[Met Tour] CID:98430

Les Contes d'Hoffmann
American Academy of Music, Philadelphia, Pennsylvania, Tue, February 14, 1928

Les Contes d'Hoffmann (33)
Jacques Offenbach | Jules Barbier
Mario Chamlee

Marion Talley

Leonora Corona

Queena Mario

James Wolfe

Adamo Didur

Giuseppe De Luca

Dr. Miracle
Léon Rothier

Kathleen Howard

Giordano Paltrinieri

William Gustafson

Alfio Tedesco

Arnold Gabor

George Meader

George Cehanovsky

Louis D'Angelo

Mother's Voice
Henriette Wakefield

Louis Hasselmans

Review 1:

Review in the Philadelphia Evening bulletin


Offenbach's Opera Revived by Metropolitan Company at Academy of Music

The many measures of the Students' Chorus, the voluptuous music of the Barcarolle and the many other melodious strains of "Les Contes d'Hoffmann" ("Tales of Hoffmann") were heard again at the Academy of Music last evening, when the favorite work of Jacques Offenbach was presented by the Metropolitan Opera Company of New York with several of its best known singers in the cast, Louis Hasselmans conducting. The popular work had not been heard here in a number of years and the revival is one well calculated to please music lovers who have acceptance for a work which, if not really "grand opera," has a good story, revealed in several picturesque scenes and in varying phases of romantic development, enhanced by a succession of tunes that have ingratiating charm, even if they have not much else.

The Metropolitan Company's production is new and elaborate, with an imposing setting for the ballroom scene in the house of Spalanzani, where the oft-in-love Hoffmann has a brief and rudely shattered passion for Olympia, the mechanical doll, and a notably beautiful visualization of the Venetian scene, in which the gem of the opera, the Barcarolle, is sung. The performance last night was excellent in some respects, but not particularly brilliant as a whole. The male chorus sang well in the prologue, though the ensemble in the scene in front of Giuletta's gorgeous palace on the lagoon in Venice was better. Here the new American soprano, Leonora Corona - a Texas girl - made her appearance as the courtesan. She presented a tall and voluptuous figure, graceful in poise and posture, if seemingly a bit self conscious, and used with ease a voice of pure, good volume and mellow quality, which promises some fine things. Here, Kathleen Howard, as the youth, Nicklausse, faithful companion of the errant Hoffmann, also was at her best vocally, her contralto sounding full and melodious in the Barcarolle, rather in contrast to her use of it in the other scenes, the prevalent recitative, however, giving her little opportunity really to sing. The other feminine members of the cast were Marion Talley and Queena Mario. The former made her first appearance of the season, as Olympia, the doll, and sang the mechanical measures of the coloratura note in mechanical style, though with careful and capable execution of the high staccato passages. She looked very pretty in blue with flowing dark tresses, if less like a doll than some of the daintier blonde prima donnas have done, the motions of the windup maiden of sawdust being well simulated. Miss Mario also appeared but briefly, as the frail Antonia in the last act, and sang herself to death very sweetly.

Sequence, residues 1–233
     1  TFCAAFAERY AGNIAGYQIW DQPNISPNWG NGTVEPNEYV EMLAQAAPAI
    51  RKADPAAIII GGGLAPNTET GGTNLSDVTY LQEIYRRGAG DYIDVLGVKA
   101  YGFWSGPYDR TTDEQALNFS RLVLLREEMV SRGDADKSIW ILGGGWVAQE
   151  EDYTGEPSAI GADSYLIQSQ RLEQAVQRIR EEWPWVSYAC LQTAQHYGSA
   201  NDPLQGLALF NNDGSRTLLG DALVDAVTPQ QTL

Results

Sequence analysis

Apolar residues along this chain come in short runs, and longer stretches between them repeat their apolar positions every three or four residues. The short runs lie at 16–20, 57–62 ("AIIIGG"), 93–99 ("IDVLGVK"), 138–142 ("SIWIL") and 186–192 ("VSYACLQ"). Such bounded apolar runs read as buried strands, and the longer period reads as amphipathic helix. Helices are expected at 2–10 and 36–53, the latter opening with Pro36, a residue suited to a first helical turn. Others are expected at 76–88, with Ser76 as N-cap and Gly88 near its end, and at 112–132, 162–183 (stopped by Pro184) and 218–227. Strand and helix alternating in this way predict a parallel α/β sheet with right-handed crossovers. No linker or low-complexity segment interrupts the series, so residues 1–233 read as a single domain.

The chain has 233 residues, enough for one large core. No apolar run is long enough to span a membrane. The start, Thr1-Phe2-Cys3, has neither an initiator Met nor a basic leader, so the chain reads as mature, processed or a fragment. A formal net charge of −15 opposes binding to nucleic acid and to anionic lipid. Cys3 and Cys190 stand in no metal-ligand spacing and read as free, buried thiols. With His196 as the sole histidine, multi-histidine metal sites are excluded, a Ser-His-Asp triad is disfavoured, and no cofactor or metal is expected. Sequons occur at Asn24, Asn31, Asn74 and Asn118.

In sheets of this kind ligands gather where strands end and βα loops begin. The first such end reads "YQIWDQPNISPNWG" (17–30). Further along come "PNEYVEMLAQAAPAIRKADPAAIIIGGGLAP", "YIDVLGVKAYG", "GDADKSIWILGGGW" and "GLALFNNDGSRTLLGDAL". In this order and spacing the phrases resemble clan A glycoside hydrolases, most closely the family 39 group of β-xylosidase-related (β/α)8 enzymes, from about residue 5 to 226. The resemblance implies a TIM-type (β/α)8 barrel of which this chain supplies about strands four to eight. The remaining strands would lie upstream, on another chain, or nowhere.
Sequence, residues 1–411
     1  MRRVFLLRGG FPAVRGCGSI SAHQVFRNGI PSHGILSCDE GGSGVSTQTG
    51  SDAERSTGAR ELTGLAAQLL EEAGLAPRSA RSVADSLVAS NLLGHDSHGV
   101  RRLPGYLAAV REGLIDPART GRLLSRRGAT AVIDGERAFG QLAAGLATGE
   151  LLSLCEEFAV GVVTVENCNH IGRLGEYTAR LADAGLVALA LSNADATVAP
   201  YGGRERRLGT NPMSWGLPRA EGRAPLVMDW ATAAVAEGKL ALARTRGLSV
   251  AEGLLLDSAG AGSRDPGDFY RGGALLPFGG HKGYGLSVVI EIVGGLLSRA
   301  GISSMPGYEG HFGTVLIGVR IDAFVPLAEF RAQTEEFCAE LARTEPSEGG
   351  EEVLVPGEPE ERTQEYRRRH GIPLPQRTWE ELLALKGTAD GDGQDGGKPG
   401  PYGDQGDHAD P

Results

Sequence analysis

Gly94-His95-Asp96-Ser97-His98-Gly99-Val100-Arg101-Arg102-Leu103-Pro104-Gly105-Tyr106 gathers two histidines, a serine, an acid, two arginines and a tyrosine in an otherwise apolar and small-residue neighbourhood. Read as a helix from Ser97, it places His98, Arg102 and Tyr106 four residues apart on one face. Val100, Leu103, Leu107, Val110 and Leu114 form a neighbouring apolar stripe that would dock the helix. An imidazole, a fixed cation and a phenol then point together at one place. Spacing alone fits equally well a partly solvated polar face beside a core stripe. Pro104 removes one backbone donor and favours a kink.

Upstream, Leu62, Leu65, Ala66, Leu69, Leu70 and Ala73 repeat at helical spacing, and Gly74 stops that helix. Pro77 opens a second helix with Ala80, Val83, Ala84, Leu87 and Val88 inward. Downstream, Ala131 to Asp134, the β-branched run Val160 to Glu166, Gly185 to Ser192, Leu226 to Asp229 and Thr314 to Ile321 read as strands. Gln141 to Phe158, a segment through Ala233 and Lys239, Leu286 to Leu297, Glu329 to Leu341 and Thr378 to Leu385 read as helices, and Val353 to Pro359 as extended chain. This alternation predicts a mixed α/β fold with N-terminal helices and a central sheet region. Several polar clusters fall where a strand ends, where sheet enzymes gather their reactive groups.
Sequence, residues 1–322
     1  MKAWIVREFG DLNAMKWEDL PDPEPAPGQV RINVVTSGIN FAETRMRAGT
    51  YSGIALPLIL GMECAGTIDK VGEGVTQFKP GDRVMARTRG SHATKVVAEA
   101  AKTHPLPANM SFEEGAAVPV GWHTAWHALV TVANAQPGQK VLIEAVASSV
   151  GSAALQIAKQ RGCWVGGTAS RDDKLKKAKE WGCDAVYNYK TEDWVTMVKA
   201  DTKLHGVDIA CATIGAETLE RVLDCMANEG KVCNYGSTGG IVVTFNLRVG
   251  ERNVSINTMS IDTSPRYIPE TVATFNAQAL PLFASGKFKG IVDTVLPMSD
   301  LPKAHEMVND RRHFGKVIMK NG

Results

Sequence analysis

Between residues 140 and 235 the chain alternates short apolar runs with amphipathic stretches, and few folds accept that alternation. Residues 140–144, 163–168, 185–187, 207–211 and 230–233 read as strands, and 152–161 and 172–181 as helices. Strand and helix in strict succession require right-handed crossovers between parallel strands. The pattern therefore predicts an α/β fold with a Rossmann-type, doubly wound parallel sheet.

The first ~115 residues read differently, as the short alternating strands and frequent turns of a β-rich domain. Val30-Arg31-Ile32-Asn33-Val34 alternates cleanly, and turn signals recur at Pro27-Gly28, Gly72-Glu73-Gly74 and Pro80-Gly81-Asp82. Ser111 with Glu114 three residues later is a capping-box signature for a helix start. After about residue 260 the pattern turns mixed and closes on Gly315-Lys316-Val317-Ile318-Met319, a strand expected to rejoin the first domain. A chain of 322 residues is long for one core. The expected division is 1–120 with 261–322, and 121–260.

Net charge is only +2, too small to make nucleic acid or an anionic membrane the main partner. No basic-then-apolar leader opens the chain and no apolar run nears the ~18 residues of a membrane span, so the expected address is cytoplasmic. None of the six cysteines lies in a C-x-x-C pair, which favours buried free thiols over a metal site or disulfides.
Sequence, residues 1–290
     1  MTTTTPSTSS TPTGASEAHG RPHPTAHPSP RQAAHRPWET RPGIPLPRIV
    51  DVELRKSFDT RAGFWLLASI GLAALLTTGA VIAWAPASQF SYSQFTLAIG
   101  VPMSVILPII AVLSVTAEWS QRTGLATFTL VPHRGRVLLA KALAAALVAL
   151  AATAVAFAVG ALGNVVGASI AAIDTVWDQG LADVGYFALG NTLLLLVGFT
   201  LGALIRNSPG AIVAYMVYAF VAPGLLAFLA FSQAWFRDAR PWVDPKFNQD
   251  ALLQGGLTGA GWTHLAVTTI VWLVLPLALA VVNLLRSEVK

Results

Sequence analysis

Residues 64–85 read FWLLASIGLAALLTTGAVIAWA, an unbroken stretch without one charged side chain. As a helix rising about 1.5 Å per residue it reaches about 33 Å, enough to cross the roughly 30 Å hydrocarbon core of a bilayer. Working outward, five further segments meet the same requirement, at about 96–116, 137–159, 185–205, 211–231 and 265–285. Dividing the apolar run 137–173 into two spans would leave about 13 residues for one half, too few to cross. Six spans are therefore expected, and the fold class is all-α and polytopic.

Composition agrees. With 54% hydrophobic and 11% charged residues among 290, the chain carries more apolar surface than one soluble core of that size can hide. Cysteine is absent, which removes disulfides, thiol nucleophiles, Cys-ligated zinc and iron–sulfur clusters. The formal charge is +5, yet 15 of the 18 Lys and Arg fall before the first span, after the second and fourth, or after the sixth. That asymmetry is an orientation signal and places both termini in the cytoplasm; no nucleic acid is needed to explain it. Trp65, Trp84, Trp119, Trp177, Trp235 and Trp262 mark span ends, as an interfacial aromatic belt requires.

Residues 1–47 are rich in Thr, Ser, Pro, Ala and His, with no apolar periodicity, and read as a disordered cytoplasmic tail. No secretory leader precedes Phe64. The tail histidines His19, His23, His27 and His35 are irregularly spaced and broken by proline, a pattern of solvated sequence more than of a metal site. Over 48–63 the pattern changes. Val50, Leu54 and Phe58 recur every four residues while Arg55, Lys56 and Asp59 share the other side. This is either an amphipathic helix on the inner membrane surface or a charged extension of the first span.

The Hoffmann was Mario Chamlee, who made a good-looking gallant, even if he did not do much in the way of acting, the part demanding little but love-lorn romanticism. The tenor's voice was very pleasing in the purely lyric parts of the music he had to sing, its sympathetic quality being in evidence. On high, full tones it was less satisfactory. The outstanding impersonations of the performance were those of Adamo Didur, as Coppelius; Giuiseppe De Luca, as Dappertutto, and Leon Rothier, as Dr. Miracle, three roles often - or usually - sung by one man. The Metropolitan Company seems prolific in baritones and basses, however, and expended a whole trio on the performance. Mr. De Luca had poise and dignity and sang the melodious baritone aria in the Venetian scene with artistic effect. Mr. Didur put plenty of acting into his rather original characterization of the crafty Coppelius, owner of the singing doll, and Mr. Rothier also had a striking get-up as the weird and wicked old Dr. Miracle, being strikingly clever in action, both of these roles being well sung. Others in the long cast were George Meader, as Spalanzani, George Cehanovsky, as Schlemil; James Wolfe, as Lindorf; Louis D'Angelo as Crespel, and Henrietta Wakefield as ghostly portrait of the mother of Antonia, who sings from her frame in one of the loveliest melodies of the mellifluous score.

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